SEYCHELLES TIGHTENS SECURITY WITH NEW SCANNERS AT MAHE INTERNATIONAL AIRPORT


Earlier this week two brand new state of the art scanners were formally commissioned by the Minister for Home Affairs and Transport Joel Morgan at the international airports arrival hall. Aimed to detect prohibited imports such as plants, seeds and even pets the new machines will be used for random checks of arriving passengers’ hand luggage, but where felt appropriate also for checked bags. Already are sniffer dogs deployed at the arrival hall checking out arriving luggage for illicit content, as the country’s government’s anti-drug policies take wider hold and even greater efforts are now being made to stop the flow of drugs into the country through the airport.

A regular source from the islands tourism industry had this to say when discussing the development by mail: When tourists come here they need no Visa at all, just a return ticket, a confirmed hotel booking and enough spending money, and in case they come from Africa a yellow fever inoculation certificate. That is all. But making it easy for our guests to come here does not mean we do not uphold our laws and regulations. We have some problems on the island through alien species of plants, insects and even animal species brought here under disguise in the past. We as Seychelles are committed to maintain our biodiversity, protect our immaculate beaches and flora and fauna and for that we need measures. Measures to detect illegal importation of seeds etc. Security at the airport is taking place in many shapes, aviation security to prevent any incidents on board the aircraft, and general security to protect our pristine environment too. Like before, when visitors enter through the green customs channel, suggesting they have nothing to declare which exceeds legal limits or permitted items, there is always a random check element. Now we are making this more sophisticated with scanners and again passengers will be selected at random. That is all there is to it.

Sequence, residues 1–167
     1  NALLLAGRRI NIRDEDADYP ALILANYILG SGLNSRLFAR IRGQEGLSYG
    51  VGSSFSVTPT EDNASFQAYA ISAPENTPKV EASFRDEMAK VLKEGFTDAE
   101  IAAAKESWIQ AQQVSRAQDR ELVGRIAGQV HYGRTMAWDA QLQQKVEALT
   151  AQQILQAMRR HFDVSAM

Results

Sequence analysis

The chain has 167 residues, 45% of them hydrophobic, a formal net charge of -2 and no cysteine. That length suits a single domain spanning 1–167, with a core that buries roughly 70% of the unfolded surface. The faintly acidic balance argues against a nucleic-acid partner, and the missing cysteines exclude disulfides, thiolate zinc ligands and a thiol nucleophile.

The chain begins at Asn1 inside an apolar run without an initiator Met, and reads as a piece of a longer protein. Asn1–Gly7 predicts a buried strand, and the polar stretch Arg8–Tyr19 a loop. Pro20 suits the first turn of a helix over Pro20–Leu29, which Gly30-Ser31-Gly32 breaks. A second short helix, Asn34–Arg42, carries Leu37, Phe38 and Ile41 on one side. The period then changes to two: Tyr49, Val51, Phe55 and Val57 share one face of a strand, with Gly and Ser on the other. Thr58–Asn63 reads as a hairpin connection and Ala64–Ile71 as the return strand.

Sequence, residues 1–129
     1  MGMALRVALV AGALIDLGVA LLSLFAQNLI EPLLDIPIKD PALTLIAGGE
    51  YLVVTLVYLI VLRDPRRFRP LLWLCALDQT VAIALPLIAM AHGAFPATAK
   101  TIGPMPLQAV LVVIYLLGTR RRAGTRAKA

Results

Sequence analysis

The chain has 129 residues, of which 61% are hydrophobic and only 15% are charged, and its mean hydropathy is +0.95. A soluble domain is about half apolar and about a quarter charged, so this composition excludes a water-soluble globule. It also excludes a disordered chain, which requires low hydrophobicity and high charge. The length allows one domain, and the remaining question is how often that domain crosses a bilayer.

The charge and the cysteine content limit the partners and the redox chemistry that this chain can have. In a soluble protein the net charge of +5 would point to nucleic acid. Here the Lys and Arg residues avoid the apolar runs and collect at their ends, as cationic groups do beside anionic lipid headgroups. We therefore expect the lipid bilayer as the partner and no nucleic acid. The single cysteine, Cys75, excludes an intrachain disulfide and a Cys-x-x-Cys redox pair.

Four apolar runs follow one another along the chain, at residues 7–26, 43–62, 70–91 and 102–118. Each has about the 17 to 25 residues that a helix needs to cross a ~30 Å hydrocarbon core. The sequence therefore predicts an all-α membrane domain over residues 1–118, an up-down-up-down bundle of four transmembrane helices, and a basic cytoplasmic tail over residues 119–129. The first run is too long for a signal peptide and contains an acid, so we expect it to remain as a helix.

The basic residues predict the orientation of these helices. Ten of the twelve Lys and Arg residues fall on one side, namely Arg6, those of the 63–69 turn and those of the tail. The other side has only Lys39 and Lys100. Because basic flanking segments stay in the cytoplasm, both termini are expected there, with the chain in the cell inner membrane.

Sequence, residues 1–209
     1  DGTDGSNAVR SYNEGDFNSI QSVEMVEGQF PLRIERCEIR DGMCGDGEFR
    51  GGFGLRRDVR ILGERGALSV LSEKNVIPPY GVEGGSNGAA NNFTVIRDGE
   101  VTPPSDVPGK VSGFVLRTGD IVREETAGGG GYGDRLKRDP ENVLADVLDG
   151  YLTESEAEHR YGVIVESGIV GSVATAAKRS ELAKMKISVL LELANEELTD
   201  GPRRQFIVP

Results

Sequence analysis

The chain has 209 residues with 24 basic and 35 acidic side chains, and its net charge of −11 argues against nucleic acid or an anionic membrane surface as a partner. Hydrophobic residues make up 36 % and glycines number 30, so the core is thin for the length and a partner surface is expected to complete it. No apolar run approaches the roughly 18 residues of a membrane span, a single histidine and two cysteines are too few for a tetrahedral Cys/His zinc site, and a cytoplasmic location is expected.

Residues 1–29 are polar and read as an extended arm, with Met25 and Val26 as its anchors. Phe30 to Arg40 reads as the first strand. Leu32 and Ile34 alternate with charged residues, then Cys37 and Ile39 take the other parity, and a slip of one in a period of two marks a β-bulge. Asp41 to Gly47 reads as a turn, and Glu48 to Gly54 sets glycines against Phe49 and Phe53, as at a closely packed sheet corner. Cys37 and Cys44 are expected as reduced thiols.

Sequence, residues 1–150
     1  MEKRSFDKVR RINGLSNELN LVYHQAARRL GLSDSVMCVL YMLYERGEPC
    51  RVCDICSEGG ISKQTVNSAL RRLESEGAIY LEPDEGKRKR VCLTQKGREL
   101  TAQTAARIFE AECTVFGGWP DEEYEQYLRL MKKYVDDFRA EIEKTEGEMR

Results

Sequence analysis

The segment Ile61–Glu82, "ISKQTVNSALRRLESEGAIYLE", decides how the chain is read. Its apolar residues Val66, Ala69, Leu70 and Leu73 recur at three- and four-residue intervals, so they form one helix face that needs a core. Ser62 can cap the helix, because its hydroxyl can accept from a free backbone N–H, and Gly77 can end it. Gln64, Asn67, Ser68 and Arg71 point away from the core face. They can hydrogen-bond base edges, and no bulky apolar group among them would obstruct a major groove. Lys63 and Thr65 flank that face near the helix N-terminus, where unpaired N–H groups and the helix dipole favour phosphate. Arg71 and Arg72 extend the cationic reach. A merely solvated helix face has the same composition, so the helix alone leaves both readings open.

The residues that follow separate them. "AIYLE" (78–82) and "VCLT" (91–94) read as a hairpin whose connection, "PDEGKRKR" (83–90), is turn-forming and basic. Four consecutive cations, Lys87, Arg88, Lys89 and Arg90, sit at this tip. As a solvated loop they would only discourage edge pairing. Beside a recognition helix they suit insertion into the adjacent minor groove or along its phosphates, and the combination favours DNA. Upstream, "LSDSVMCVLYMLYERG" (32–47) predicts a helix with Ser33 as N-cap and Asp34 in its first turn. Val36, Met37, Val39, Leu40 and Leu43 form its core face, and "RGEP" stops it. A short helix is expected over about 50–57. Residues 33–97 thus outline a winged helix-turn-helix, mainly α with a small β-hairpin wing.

The two scanners were given to the Seychelles Civil Aviation Authority through a grant worth nearly half a million US Dollars by the Global Environment Facility, in short GEF, which has responded to a request to facilitate better entry point checking for alien species to protect the archipelagos environment.

Compiled by Jackie
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